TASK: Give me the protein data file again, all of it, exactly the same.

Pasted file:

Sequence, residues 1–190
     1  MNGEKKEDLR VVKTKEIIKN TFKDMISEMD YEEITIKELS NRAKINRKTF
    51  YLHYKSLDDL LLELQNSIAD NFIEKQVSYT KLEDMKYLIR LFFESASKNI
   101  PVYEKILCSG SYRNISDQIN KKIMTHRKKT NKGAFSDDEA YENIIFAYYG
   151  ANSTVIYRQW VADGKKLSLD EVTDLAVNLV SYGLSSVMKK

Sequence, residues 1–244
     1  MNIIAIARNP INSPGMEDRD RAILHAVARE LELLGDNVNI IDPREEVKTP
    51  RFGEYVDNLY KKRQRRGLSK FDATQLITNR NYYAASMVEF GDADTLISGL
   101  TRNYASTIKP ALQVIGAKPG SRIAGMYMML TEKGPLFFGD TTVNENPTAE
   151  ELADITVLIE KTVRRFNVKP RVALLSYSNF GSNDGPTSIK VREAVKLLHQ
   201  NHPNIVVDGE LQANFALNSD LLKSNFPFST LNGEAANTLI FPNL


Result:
Sequence, residues 1–190
     1  MNGEKKEDLR VVKTKEIIKN TFKDMISEMD YEEITIKELS NRAKINRKTF
    51  YLHYKSLDDL LLELQNSIAD NFIEKQVSYT KLEDMKYLIR LFFESASKNI
   101  PVYEKILCSG SYRNISDQIN KKIMTHRKKT NKGAFSDDEA YENIIFAYYG
   151  ANSTVIYRQW VADGKKLSLD EVTDLAVNLV SYGLSSVMKK

Sequence, residues 1–244
     1  MNIIAIARNP INSPGMEDRD RAILHAVARE LELLGDNVNI IDPREEVKTP
    51  RFGEYVDNLY KKRQRRGLSK FDATQLITNR NYYAASMVEF GDADTLISGL
   101  TRNYASTIKP ALQVIGAKPG SRIAGMYMML TEKGPLFFGD TTVNENPTAE
   151  ELADITVLIE KTVRRFNVKP RVALLSYSNF GSNDGPTSIK VREAVKLLHQ
   201  NHPNIVVDGE LQANFALNSD LLKSNFPFST LNGEAANTLI FPNL